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Ukrainian President Volodymyr Zelensky said last week that the conflict with Russia will only end after Kyiv liberates Crimea, which was annexed by Moscow in 2014.
Zelensky’s comments came as mystery explosions occurred at a Russian air base in Crimea that raised the possibility that Kyiv was expanding its war effort with a focus on reclaiming the peninsula.
“Crimea is Ukrainian, and we'll never give up on it,” Zelensky said, adding that Kyiv is “constantly adding new components to the formula of liberating” the area.
The Trends Journal has long reported on the tense history between Russia and Ukraine over Crimea, which is a popular vacation destination for Russians. (See “PURE PROPAGANDA,” “NO, RUSSIA DID NOT INVADE CRIMEA,” “BAITING THE BEAR IS BECOMING A DANGEROUS GAME” and “BIG LIE? RUSSIA TAKES MORE LAND BUT RETIRED U.S. GENERAL SAYS RUSSIA WILL LOSE.”)
Reports said the Russian military lost nine combat aircraft in the explosions at the Saki Air Base in Novofedorivka. The New York Times, citing satellite photos from Planet Labs, said the planes were parked on the base’s western tarmac, at each plane is worth 10s of millions of dollars.
One Ukrainian official told the paper that the cause of the blasts was due to attacks carried out by pro-Ukrainian forces.
The Ukrainian military did not acknowledge any involvement. Russia claimed the explosions were accidental and no planes were damaged. The Crimean health ministry said one person was killed and 14 were injured. Eyewitnesses said they heard 12 blasts.
The Cavell Group, a risk and crisis firm, told CNN that given the sizes of the craters, the explosions could have been caused by a Ukrainian special forces attack or pro-Ukrainian fighters. Cavell said it is most likely that modified ballistic cruise missiles were launched by Ukrainians.
A Ukrainian official told The Washington Post that the strike at the base was carried out by special forces.
TRENDPOST: Kyiv has good reason to deny any involvement because Moscow could consider the strike an attack on Russia. Dmitry Medvedev, the deputy chairman of the Security Council of Russia, warned last month that “Judgment Day will instantly await” for anyone who targets the peninsula.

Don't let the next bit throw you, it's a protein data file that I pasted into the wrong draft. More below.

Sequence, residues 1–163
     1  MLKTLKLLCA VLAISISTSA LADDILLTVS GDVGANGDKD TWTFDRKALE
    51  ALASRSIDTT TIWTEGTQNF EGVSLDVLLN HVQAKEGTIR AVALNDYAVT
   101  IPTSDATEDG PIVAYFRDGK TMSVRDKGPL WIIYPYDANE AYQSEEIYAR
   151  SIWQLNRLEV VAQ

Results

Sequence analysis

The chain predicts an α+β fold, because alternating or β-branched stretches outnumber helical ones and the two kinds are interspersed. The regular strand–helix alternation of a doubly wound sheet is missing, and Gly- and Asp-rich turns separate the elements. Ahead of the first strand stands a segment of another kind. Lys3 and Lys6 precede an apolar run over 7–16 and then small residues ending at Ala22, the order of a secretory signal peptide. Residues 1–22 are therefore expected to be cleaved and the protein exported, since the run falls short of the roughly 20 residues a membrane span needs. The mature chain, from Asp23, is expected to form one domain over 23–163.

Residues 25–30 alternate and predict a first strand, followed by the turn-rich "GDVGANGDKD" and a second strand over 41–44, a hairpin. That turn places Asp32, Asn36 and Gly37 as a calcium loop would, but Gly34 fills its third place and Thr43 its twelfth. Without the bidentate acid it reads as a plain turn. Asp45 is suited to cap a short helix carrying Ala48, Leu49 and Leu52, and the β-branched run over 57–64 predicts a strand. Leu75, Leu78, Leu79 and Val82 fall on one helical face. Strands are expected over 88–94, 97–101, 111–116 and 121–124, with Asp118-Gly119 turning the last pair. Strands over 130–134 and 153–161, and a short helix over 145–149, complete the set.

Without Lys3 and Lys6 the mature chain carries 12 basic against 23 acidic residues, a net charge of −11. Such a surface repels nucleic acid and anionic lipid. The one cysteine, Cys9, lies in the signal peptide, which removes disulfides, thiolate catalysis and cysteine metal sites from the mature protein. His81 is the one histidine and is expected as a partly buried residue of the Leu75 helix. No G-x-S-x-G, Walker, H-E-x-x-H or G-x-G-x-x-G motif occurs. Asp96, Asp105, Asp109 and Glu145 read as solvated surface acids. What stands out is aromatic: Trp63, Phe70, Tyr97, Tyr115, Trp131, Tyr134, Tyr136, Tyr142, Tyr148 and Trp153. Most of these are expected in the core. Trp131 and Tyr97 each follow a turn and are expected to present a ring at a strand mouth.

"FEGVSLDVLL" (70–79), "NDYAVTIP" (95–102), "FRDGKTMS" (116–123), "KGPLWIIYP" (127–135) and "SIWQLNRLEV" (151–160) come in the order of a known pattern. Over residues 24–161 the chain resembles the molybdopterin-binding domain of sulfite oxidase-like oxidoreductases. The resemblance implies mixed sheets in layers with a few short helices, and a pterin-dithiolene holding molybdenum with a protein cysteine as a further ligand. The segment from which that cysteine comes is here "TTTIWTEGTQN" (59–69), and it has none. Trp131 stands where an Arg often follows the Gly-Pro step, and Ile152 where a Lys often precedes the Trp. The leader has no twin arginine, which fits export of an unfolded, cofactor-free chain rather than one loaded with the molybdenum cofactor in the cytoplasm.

The BBC reported that Zelensky’s latest remarks on Crimea are in stark contrast to what he said at the beginning of the war. He said earlier that Ukraine could accept a peace deal if Russian forces returned to their pre-invasion positions.
Zelensky now says, “This Russian war against Ukraine and against the entire free Europe began with Crimea and must end with Crimea—with its liberation."
“Crimea is Ukrainian, and we will never give it up,” he said.
TRENDPOST: Russia did not attack Crimea in 2014. The Russian military already had a presence there. Under a lease agreement (which did not expire until 2047), negotiated when Russia granted independence to Ukraine, its Black Sea Fleet is based at Sevastopol port in Crimea.
Furthermore, Crimea would likely still be a part of Ukraine if the U.S. had not orchestrated a coup to overthrow the government of the democratically elected president of Ukraine, Viktor Yanukovych. (See “WASHINGTON IS DRIVING THE WORLD TO THE FINAL WAR,” 28 Apr 2014).
It was Crimean’s who voted overwhelmingly—by 95 percent—to rejoin Russia, but it is internationally recognized as Ukrainian territory. The Kremlin sees Crimea as theirs.
Crimea had been part of Ukraine only since 1954, when Soviet Premier Nikita Khrushchev, a Ukrainian, designated it as such. In fact, Crimea has been part of Russia longer than the United States has been a country.
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